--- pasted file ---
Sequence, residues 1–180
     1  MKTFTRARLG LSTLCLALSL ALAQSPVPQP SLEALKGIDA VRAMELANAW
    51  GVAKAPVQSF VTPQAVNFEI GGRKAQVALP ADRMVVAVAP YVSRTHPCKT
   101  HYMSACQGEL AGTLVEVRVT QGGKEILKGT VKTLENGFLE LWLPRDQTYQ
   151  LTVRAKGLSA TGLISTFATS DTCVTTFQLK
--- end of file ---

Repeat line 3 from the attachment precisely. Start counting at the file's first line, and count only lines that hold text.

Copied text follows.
    51  GVAKAPVQSF VTPQAVNFEI GGRKAQVALP ADRMVVAVAP YVSRTHPCKT